The first time a picture depicted the use of breast pump was in Italy 16th century, breast pumps help woman to shift their babies temporarily to another means of feeding. Breast milk collection began in Boston 20th century.

References
1. Wickes IG. A history of infant feeding. Part I. Primitive peoples: ancient works: renaissance writers. Archives of Disease in Childhood 1953;28:151-158.
2. Ploss HH, Bartels M, Bartels P. Woman 1935;
3:184-216.3. Ford CS. A Comparative Study of Human Reproduction. New Haven: Yale University Press, 1945. Publications in Anthropology; vol 32).
4. Mercurialis H. De Morbis Puerorum. Venice: 1583.
5. Ettmuller M. Etmullerus Abridg'd. (Second Edition ed.) London: 1703.
6. Smith H. Letters to a married woman. (6th Edition ed.) London: 1792.
7. Jelliffe DB, Jelliffe EFP. Human Milk in the Modern World. Oxford: Oxford University Press, 1978.
8. Guillemeau J. Nursing the Child. London: 1612.
9. Pernell R. Treatise of the Diseases of Children. London: 1653.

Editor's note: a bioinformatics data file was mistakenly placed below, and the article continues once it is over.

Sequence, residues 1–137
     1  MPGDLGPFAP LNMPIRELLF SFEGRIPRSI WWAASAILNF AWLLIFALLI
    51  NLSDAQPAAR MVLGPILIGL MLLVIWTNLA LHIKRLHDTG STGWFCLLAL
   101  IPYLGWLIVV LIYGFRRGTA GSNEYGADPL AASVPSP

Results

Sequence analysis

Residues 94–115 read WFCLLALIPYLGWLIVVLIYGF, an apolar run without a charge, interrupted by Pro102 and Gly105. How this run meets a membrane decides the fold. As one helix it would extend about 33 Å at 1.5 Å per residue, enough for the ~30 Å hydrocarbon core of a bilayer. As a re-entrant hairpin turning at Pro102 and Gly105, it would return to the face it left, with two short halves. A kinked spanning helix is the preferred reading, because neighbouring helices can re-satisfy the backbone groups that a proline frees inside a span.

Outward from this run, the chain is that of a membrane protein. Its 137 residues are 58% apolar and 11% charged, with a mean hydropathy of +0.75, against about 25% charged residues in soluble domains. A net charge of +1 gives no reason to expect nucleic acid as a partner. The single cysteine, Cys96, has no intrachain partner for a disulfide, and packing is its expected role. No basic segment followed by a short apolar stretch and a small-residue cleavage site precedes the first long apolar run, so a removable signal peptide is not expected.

10. Pechey J. Diseases of Infants and Children. London: 1697.
11. Wickes IG. A history of infant feeding. Part III: eighteenth and nineteenth century writers. Archives of Disease in Childhood 1953;28:332-340.
12. Cadogan W. Essay upon nursing, and the management of children. London: 1748.
13. Wickes IG. A history of infant feeding. Part IV: Nineteenth century continued. Archives of Disease in Childhood 1953;28:416-422.
14. de Sainte-Marthe S. Paedotrophia. London: 1584.
15. Brennemann J. Arificial feeding of infants. In: Abt IA, ed. Pediatrics. Philadelphia: W.B. Saunders Co., 1923. Page 622.
16. Laubengayer BW. The evolution of the art of infant feeding in relation to the development of the science of nutrition. Thesis, Ithaca, NY: Cornell, 1935.
17. Hymanson A. A short review of the history of infant feeding. Archives of Pediatrics 1934;51:1.
18. Anonymous. Journal of the American Medical 1973;81:97.
19. Drake TGH. Annals of Medical History 1935;ns 7:49.
20. Wickes IG. A history of infant feeding. Part II. Seventeenth and eighteenth centuries. Archives of Disease in Childhood 1953;28:232-240.

Author: Marissa Claire

Hi, I am Marissa. I am a wife of a very supportive husband and mother 3 precious kids. Even though my life is not picture perfect, I have too many blessings to be counted. I am an ordinary mom who has been through some tough times.

I have tried to collate the best information available and write personal & real reviews for the benefits of parents who are confused with the plethora of breast pumps available. I have made an effort to steer clear of technical jargons and used layman language which is understood by people like us.